15536110699_a4a9e3c7c7_bAlmost everyone who asks this question envisions having a massive heart attack. (They even clutch their chests as they ask the question.) And then, a family member discovers their sudden demise and promptly sits down, perhaps by their still warm body, to read their journals.

First, in all honesty you will be dead. You will not care. But as you are alive now and having this fear, I understand that your concern is for those you will leave behind.

There is always the option of writing and then burning your pages. If you don’t want to bring attention to yourself by burning paper every day, you can keep writing on the same page. Writing over your writing again and again, so that no one, including yourself, can read what you have written. You still purge yourself of your thoughts, you still partake in the physical activity of moving pen across the page, and your words are safe.

I suggest keeping your journal in a secret place, even just a desk drawer or under your mattress. If you have more than one, keep them in a bureau or a box. You could padlock them in a cabinet or firebox. Or stuff them somewhere people don’t want to go like a gym bag. Choose a friend or family member who you trust not to read your journals. Another writer who keeps journals and understand your concerns is a good choice. Or someone who you find boring and hence you don’t write about. Or someone who hates to read, but who has great loyalty to you. Make sure this person has a key to your home and knows the location of your journals (and the combination if necessary) in case of an emergency. Feel free to also include other personal items you don’t want your children or nosey neighbor to find.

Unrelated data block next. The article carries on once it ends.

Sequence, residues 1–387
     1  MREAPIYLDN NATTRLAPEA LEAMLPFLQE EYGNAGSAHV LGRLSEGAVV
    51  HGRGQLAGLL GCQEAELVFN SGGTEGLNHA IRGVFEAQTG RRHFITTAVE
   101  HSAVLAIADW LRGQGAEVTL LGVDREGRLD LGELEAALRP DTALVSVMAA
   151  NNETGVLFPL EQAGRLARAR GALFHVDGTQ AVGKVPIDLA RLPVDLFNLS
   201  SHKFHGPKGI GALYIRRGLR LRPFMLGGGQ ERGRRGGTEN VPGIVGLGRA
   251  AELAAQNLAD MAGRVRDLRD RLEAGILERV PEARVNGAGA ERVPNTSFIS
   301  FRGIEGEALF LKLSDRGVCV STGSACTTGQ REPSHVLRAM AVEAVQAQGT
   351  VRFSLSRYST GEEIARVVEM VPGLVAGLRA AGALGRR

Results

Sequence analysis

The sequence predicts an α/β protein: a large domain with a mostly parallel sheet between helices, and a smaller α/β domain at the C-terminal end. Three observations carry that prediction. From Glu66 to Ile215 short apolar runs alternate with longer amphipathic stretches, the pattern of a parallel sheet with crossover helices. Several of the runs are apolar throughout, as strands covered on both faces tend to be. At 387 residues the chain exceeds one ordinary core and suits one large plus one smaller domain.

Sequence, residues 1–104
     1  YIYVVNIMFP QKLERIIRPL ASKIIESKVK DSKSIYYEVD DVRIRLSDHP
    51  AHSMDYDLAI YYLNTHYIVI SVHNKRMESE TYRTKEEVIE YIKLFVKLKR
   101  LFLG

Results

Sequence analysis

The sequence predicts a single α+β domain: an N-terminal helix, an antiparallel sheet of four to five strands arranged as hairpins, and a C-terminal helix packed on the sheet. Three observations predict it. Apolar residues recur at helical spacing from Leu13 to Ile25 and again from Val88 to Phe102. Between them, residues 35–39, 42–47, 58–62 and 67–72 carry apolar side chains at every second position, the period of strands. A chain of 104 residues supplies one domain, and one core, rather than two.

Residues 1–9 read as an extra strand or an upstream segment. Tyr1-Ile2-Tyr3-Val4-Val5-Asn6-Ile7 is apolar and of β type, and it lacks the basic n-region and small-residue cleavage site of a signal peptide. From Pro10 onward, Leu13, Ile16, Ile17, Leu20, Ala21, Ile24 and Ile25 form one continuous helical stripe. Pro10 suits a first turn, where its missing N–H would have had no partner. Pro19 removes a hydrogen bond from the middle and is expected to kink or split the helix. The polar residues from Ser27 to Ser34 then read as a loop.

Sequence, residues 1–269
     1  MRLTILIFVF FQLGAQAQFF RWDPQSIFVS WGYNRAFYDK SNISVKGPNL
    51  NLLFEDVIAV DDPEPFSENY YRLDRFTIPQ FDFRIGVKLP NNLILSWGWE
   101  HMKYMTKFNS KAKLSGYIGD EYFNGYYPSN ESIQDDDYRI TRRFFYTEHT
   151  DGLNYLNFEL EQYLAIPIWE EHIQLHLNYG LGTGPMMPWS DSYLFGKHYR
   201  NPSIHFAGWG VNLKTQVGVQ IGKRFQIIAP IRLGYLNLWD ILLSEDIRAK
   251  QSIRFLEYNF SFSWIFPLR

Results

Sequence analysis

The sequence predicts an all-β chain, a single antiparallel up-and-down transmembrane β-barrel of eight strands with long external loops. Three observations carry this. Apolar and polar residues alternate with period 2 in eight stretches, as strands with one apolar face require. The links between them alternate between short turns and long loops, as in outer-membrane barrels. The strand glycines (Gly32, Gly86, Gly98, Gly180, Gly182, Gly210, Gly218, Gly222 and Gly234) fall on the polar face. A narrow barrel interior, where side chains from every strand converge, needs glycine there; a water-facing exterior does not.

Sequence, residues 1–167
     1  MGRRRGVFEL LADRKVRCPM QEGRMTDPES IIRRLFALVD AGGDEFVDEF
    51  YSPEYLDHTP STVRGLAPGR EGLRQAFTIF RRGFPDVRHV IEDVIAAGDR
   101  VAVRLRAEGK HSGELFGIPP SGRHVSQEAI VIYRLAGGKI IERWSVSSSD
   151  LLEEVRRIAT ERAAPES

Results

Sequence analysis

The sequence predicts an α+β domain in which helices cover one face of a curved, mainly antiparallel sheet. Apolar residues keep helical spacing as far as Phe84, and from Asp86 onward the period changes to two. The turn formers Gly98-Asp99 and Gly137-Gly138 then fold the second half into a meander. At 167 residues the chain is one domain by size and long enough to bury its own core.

Freewriting lets you get down to what you are really thinking and feeling. You become familiar with your obsessions. Ideas begin to flow. It’s a contemplative activity that will enrich your life. Don’t let fear of a sudden death stop you from a Mindful Writing practice.

What’s your post-death journal plan? Have you inherited someone’s journals?

“Minding” Dani Shapiro

Dani and me

My good friend Lynn Rosen asked me if I would be a “minder” for author Dani Shapiro during an Open Book event at Congregation Keneseth Israel in Elkins Park, PA.  Author and fellow podcaster Gretchen Rubin interviewed her about Inheritance: A Memoir of Genealogy, Paternity, and Love for an episode of Shapiro’s podcast Family Secrets.

As a minder, my job was to take care of the author, making sure no one monopolized her time or approached her when she wasn’t signing books.

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Writing advice for my Lyft driver

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Dear Christopher,

Thanks for picking me up Wednesday night after my Building a Mindful Writing Practice class and making polite conversation with me about the weather and asking about my work. At first I thought you were feigning interest, until you asked, “So, do you have any advice for someone who wants to write in the future?” Then, I realized I had a wanna-be fiction writer on my hands.

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Marie Kondo teaches people to listen to their bodies

Perhaps you listen to your body when it tells you that you’ve overdone it at the gym or that you shouldn’t have binge watched all of season two of The Marvelous Mrs. Maisel the day it dropped. Maybe there were times you ignored the subtle messages of your body until they got louder, fighting hard to get your attention, and you found yourself with the flu or a pulled muscle in your back. Your body had to shout, take care of me!

But do you listen to your body when it’s not in distress? When it’s happy?